EAU PCa 2018: Is There a Place for PET Scanning in the Primary Diagnosis of Prostate Cancer?

Milan, Italy (UroToday.com) Dr. Oyen gave a discussion on the role of PET imaging in the primary diagnosis of prostate cancer. There are currently many types of molecular imaging that can be used to image and diagnose prostate cancer. These include choline, F-18-FACBC (Fluciclovine), PSMA (with seven different subtypes), F-18-FDHT, FDG, diphosphonate bone scan, and Na-F-18. Figure 1 illustrates the diagnosis of prostate cancer metastases using some of these various PET/CT tracers.

Figure 1 – PET/CT imaging in the diagnosis of prostate cancer:
UroToday EAUPCa18 PETCT imaging in the diagnosis of prostate cancer


According to the European Association of Urology (EAU) guidelines, the role of PET imaging is divided into lymph node staging and metastasis staging. In the lymph node staging, PET-Choline has good specificity for lymph node metastasis (92%), with a sensitivity of 62%. In intermediate/ high-risk patients, there are contradictory results for choline PET/CT and whole-body MRI. Overall, Choline PET/CT does not reach clinically acceptable diagnostic accuracy for the detection of lymph node metastases and cannot rule out a nodal dissection based on risk factors or nomograms. A published metanalysis has shown that for lymph node staging, choline-PET/CT has a sensitivity and specificity of 86% at the patient level, with a large 95% CI of 3-100%.

Furthermore, it has a sensitivity and specificity of 80% and 97%, respectively, at the lesion level.  For the metastases staging, choline-PET/CT has a lower sensitivity and a higher specificity than whole-body MRI. These are very limited data on its role in metastases staging, being able to change management in probably 20-25% of cases, but it is not known whether there is any correlation with the outcomes.

Choline is a key precursor in the biosynthesis of phosphatidylcholine, a major component of the cell membrane. It is quite an old tracer, discovered almost 20 years ago, and it depicts the membrane metabolism of choline. The labeled variants include C-11 and F-18. When there is a slow proliferation of prostate cancer cells, there is a slow membrane metabolism, leading to a small amount of choline uptake. Its sensitivity is low in low volume disease and low PSA levels.

The next discussed tracer used in prostate cancer was FACBC (Fluciclovine). This is a synthetic L-Leucine analog, developed 15 years ago for imaging of brain tumors. Its first report in prostate cancer was in 2007. It depicts the functional activity of two different transmembrane amino acid transporters (ASCT2 and LAT1). There is a favorable distribution of this tracer in the body: its uptake in the kidney is negligible, and there is no activity of this tracer in the urinary tract. It may have improved detection rate as compared to choline PET/CT when PSA levels are low. The detection of prostate cancer recurrence is based on elevated blood PSA levels following prior treatment. A comparison of images from Fluciclovine and choline-PET/CT is shown in figure 2, demonstrating a lesion diagnosed with Fluciclovine, but not diagnosed with choline (3rd line).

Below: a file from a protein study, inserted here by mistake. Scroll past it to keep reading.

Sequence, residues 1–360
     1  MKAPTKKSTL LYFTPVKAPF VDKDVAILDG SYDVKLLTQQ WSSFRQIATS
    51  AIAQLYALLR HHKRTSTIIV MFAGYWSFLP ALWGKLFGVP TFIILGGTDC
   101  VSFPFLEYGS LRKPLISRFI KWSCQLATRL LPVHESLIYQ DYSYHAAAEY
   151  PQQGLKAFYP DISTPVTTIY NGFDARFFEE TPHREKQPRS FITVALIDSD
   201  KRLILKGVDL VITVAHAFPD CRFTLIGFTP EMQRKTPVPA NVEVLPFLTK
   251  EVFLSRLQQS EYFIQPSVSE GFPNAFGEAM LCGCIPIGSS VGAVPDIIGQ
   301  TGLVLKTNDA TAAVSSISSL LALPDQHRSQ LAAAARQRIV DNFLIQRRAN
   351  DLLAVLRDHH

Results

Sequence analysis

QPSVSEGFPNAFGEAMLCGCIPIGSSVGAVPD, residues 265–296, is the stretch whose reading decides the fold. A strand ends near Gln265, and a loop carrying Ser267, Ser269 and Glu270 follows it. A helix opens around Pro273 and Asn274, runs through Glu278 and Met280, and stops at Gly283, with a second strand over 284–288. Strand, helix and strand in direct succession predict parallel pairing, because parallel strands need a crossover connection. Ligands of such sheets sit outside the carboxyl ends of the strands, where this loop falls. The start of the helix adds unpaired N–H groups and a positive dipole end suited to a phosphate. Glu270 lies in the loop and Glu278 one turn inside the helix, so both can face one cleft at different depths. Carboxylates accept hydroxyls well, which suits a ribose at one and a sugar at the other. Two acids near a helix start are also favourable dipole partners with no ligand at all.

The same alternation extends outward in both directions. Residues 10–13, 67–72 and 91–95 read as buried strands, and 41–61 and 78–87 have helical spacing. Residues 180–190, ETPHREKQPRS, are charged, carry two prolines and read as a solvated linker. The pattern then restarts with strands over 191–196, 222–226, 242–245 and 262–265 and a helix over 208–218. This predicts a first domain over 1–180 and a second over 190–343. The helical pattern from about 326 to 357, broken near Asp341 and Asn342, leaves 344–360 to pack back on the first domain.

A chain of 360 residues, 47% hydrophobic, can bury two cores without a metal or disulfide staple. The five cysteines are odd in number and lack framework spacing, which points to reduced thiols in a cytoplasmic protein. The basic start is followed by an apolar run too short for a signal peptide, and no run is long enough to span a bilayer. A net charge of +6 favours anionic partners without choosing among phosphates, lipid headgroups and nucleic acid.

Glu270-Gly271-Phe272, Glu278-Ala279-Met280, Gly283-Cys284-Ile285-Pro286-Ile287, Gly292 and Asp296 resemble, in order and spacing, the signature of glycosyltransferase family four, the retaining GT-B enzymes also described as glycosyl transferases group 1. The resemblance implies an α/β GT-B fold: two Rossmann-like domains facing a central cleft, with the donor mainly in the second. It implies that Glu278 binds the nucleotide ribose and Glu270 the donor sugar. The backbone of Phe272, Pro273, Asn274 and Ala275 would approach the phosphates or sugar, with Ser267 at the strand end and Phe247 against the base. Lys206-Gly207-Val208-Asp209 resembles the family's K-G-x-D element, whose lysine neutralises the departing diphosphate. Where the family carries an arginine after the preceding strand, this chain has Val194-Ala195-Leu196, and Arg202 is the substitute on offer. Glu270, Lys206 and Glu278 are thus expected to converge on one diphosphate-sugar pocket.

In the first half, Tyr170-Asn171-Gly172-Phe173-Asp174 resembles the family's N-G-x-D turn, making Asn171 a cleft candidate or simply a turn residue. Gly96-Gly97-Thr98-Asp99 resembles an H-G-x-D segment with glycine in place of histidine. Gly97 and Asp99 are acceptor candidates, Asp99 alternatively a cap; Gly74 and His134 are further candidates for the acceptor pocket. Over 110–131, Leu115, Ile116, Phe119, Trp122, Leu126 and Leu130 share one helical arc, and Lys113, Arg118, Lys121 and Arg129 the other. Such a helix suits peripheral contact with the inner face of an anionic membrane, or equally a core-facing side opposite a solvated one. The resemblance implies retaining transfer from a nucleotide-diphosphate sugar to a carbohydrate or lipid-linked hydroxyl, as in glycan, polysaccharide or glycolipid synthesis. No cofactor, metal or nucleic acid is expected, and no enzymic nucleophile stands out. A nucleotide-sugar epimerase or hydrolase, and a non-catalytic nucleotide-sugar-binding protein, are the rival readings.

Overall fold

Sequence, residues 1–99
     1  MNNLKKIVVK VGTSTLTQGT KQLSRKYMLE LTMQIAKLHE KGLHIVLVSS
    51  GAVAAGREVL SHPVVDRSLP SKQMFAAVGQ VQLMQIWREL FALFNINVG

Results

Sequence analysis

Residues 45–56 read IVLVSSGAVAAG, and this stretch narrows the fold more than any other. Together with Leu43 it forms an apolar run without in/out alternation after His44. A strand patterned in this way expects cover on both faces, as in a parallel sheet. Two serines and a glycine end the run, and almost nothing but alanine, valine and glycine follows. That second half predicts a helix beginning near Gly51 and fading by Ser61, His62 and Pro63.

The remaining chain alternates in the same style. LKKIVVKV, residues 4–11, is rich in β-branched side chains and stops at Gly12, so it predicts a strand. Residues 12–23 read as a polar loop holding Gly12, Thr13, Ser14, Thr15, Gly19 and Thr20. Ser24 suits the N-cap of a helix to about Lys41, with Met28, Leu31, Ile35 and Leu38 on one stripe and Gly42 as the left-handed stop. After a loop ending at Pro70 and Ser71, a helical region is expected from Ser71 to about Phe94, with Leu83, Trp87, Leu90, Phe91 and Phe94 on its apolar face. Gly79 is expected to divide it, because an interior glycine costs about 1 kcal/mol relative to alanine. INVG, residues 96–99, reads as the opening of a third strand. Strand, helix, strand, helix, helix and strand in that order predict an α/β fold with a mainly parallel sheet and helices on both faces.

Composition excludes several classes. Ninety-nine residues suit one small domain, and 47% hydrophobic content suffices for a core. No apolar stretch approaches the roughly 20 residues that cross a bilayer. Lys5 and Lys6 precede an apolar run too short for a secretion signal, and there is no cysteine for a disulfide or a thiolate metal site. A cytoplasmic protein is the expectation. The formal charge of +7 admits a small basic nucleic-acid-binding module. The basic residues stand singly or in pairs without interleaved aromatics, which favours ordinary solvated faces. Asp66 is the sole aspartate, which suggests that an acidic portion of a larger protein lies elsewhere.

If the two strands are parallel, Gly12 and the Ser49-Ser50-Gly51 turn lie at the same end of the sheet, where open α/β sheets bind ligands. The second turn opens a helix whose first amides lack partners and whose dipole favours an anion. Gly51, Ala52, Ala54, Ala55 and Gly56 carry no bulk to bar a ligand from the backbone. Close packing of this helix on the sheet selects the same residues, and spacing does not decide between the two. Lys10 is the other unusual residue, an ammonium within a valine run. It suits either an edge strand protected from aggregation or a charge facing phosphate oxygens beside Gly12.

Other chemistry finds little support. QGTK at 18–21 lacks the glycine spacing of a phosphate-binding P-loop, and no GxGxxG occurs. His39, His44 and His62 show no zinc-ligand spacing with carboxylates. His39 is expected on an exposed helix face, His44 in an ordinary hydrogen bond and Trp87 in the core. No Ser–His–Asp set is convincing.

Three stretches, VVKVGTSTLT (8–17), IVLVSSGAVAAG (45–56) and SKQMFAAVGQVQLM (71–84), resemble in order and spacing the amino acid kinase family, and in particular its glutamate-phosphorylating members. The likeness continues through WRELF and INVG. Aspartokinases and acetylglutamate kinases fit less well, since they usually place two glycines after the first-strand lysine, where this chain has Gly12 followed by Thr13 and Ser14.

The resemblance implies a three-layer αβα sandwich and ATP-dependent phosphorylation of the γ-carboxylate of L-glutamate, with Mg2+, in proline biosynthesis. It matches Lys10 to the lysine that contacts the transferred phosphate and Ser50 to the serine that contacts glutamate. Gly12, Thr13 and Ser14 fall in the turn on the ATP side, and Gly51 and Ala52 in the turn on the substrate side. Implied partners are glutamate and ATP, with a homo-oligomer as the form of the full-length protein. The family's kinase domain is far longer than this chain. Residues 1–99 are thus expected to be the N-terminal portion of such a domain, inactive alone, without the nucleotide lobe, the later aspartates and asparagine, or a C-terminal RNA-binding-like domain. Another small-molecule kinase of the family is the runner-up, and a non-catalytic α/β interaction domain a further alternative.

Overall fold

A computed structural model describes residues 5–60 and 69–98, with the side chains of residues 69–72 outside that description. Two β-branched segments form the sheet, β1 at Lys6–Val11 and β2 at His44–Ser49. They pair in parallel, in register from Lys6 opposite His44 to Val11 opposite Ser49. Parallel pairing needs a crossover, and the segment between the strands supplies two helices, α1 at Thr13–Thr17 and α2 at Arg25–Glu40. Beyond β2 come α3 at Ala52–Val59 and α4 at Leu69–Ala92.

Figure 2 – Comparison of choline and fluciclovine PET/CT imaging:
UroToday EAUPCa18 Comparison of choline and fluciclovine PETCT imaging

Next, the prostate-specific membrane antigen (PSMA), which is the new “wonder” tracer was discussed. PSMA is a type 2 membrane-bound glycoprotein. It is expressed in all forms of prostate tissue and is over-expressed in carcinoma. It is also found in the neovascular tissue of most solid tumors. The PSMA has several derivatives, and it is convenient to label it with Ga-68 or F-18 for PET/CT. It has rapid background clearance, high targeting, and early imaging. There has been a tremendous amount of data that has been published so far on the use of this tracer in recurrent prostate cancer. Figure 3 demonstrates a suspicious node that has lighted up on the left side with PSMA PET/CT.

Dr. Oyen concluded his discussion by stating that Ga-68 PSMA PET/CT imaging is a major step forward in the detection of disease. It has improved lesion detection rate, and it can detect lesions sized down to 4 mm. However, it cannot detect micrometastatic disease accurately, and other non-prostate cancers also express PSMA. 

In any case, we still do not even know the answer to the question whether earlier and more appropriate diagnosis of small volume disease improves the patient’s outcomes. Unfortunately, conventional development of tracers for imaging through large, randomized phase 3 studies are unlikely to occur.


Figure 3 – PSMA PET/CT imaging showing a positive node:
UroToday EAUPCa18 PSMA PETCT imaging showing a positive node


Presented by: Wim Oyen, London, Great Britain

Written by: Hanan Goldberg, MD, Urologic Oncology Fellow (SUO), University of Toronto, Princess Margaret Cancer Centre, Twitter:@GoldbergHanan at the 2nd EAU Update on Prostate Cancer  (PCa18)– September 14-15, 2018 – Milan, Italy
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